The National Water Commission has been promoting six priorities to guide future work involving the management of environmental water:

1. Help develop and implement national guidelines and procedures for determining environmentally sustainable levels of extraction of water

A nationally agreed method will expedite the formulation of water plans that protect water-dependent ecosystems and include a pathway to recover overallocated systems. The methods will include guidelines for establishing clear environmental outcomes.

2. Pursue an agreed national inventory of over-allocated water systems together with commitments by governments to return them to sustainable levels of extraction

Identifying over-allocated systems and recording agreed actions to recover the water needed to restore sustainability is central to achieving environmental outcomes contained in the NWI.

3. Improve the security of environmental water

In spite of the legislation now passed in all jurisdictions, environmental water allocations often lack specificity and there may be uncertainty around the status and security of environmental water holdings.

4. Support more effective management of environmental water

There are certain shortcomings in the governance and operations of environmental water managers. Statutory empowerment, funding, skills and access to science, data and best-practice guidelines all require urgent attention. The development of a national community of practice in environmental water management is an important initiative that will support these water managers.

5. Strengthen the role of adaptive management of environmental water

Recent work commissioned by the National Water Commission showed there is a deficiency in monitoring and reporting on plan implementation. This is a major weakness when coupled with gaps in ecological knowledge and the occurrence of climatic conditions outside the planned-for circumstances. More systematic monitoring and reporting is essential to enable the water management regime to be adapted intelligently in the light of experience.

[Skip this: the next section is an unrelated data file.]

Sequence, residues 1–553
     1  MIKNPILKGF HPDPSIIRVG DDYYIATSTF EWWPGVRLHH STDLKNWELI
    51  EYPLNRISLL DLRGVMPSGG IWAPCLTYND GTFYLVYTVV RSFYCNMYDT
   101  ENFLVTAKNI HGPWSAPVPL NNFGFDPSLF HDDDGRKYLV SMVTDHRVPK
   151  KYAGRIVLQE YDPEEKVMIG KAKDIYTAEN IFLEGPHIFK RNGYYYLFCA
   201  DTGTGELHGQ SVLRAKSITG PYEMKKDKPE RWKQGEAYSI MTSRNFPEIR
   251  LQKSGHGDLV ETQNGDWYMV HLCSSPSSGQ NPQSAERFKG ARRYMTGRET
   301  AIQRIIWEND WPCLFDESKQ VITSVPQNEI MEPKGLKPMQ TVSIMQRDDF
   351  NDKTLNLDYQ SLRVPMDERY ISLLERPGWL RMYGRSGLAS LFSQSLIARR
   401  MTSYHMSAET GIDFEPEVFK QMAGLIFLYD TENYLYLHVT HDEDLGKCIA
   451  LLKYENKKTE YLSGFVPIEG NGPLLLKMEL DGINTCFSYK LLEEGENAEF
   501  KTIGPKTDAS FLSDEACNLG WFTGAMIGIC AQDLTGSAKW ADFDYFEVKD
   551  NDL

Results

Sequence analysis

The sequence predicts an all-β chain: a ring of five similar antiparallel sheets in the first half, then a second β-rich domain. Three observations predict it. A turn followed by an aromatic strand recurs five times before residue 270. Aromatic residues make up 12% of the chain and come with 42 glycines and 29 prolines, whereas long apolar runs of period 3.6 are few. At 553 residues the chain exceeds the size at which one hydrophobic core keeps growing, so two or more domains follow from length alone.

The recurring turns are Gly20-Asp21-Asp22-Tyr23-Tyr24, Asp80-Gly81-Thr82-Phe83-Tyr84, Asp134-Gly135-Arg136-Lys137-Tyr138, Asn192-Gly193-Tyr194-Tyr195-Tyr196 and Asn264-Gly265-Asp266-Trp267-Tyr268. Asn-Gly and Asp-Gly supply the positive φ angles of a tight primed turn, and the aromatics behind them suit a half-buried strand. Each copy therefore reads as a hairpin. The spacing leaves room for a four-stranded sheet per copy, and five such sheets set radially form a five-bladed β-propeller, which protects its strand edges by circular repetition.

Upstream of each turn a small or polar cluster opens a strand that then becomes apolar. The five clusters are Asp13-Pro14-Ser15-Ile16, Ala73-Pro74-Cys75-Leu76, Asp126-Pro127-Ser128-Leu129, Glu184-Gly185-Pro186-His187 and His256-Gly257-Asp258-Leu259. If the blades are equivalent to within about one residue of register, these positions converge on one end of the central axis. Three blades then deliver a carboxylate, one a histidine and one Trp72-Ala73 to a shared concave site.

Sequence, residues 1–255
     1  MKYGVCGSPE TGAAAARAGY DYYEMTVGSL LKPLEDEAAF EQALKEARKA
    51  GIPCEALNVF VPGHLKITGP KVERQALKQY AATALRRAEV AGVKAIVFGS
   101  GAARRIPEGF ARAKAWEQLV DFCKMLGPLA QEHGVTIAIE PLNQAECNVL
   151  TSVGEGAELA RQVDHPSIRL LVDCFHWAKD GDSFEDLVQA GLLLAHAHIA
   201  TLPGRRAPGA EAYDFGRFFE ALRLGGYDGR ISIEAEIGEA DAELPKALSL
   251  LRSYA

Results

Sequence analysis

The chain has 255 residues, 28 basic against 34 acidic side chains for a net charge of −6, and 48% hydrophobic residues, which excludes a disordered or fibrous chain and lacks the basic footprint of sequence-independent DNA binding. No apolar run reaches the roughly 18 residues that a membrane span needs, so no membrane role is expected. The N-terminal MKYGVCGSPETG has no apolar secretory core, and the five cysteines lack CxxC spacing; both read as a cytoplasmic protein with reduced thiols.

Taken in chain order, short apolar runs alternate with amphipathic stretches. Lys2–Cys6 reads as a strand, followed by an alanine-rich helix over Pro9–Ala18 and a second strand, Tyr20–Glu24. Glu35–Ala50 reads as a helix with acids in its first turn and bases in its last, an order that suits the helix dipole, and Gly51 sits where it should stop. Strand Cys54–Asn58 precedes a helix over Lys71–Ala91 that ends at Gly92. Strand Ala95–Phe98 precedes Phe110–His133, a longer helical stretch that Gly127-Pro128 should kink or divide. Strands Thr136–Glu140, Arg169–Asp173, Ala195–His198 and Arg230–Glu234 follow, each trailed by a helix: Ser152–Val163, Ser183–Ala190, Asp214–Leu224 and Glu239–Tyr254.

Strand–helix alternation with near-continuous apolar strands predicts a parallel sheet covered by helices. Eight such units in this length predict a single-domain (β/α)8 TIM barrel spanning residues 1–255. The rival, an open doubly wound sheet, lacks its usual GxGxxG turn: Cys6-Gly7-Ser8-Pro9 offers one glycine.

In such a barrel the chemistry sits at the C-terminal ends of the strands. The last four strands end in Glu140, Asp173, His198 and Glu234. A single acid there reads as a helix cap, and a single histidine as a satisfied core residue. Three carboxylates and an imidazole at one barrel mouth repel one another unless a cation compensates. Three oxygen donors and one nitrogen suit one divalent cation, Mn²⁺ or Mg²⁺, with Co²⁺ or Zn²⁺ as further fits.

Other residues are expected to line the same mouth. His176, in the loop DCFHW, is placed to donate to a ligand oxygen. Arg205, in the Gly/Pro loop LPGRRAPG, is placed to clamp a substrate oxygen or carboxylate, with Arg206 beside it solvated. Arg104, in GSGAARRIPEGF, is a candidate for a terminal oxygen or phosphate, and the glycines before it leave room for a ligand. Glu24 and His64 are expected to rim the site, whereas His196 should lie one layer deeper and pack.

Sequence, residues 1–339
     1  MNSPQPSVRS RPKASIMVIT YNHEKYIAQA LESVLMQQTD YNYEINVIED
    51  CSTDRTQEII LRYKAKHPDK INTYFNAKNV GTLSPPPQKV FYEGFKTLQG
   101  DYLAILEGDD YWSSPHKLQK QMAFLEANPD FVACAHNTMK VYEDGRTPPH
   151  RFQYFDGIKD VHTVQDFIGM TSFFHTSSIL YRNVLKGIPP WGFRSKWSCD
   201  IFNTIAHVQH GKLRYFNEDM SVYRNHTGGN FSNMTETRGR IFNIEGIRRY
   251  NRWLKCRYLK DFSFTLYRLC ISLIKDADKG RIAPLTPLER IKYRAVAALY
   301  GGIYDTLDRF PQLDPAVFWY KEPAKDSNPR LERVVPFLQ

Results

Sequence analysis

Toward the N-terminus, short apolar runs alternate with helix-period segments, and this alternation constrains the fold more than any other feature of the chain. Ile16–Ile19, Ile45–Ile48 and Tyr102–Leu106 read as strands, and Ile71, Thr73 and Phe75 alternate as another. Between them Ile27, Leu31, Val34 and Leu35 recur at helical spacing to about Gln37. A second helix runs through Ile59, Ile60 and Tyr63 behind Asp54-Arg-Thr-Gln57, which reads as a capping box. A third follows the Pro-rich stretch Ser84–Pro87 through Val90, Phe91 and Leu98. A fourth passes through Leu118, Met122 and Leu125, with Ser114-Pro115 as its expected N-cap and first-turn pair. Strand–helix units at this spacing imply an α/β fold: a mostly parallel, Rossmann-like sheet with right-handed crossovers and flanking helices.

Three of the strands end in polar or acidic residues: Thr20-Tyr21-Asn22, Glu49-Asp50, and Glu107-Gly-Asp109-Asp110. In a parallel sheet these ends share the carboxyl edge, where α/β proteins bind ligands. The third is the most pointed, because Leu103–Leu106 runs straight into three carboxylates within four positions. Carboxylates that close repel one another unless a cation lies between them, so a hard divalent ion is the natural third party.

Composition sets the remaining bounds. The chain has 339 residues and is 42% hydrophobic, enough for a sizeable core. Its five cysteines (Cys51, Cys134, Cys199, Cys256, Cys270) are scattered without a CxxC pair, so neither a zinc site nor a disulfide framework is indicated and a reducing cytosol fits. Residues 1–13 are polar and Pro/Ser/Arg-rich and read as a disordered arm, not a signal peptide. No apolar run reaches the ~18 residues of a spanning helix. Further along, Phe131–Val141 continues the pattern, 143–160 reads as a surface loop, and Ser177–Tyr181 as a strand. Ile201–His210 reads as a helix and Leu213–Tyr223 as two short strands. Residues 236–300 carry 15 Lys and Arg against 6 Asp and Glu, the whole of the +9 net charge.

6. Implement the Framework for the Assessment of River and Wetland Health

While the commission will continue to support the implementation of the Framework for the Assessment of River and Wetland Health, its successful adoption rests with the parties to the National Water Initiative Agreement. The Sustainable Rivers Audit will also provide scientific information to underpin improved management practices as well as provide a sound indication of river condition.

If the environmental outcomes specified in the National Water Initiative are to be realised, environmental water managers must be identifiable, respected and effective. As well as needing clear authority, autonomy and accountability, they require sufficient resources, access to the best available science and strong linkages into water planning processes.

Mr Ken Matthews AO is both Chair and Chief Executive Officer of the National Water Commission. He has an economics degree from the University of Sydney, and is a Fellow of the Institute of Public Administration and the Australian Institute of Management. Mr Matthews received a Centenary Medal for services to public administration in 2001, and was appointed Officer of the Order of Australia in 2005. Mr Matthews has held the positions of Secretary of the Department of Transport and Regional Services and the Department of Agriculture, Fisheries and Forestry.

Source:

Australian Academy of Technological Sciences and Engineering ATSE Focus web site.

Latest articles

Fire and groundwater

Fire and groundwater

What are the effects of fire on water underground? Let’s think about what happens on the surface, and translate that to what is likely to happen to the subsurface.

Squeezed by gravity: how tides affect the groundwater under our feet

Squeezed by gravity: how tides affect the groundwater under our feet

The effects of tidal forces on groundwater might be less apparent to us than their effects on the ocean, but they’re just as important.

Looking below the surface: Lessons from the landscape

Looking below the surface: Lessons from the landscape

Dr Oliver Knox has brought together information from some of the industry’s researchers conducting work oncotton-producing soils.

Using nuclear techniques to help sustain Australia's finite groundwater resources

Using nuclear techniques to help sustain Australia's finite groundwater resources

Groundwater research at ANSTO has provided crucial information to support the management of finite groundwater resources appropriately and sustainably—answering questions about groundwater recharge, groundwater age and dynamics, the interaction between surface water and groundwater and salinisation.

River on fire: even if it’s not coal seam gas we should still be concerned

River on fire: even if it’s not coal seam gas we should still be concerned

Astonishing footage of a river in Queensland on fire has once again stoked the coal seam gas (CSG) debate.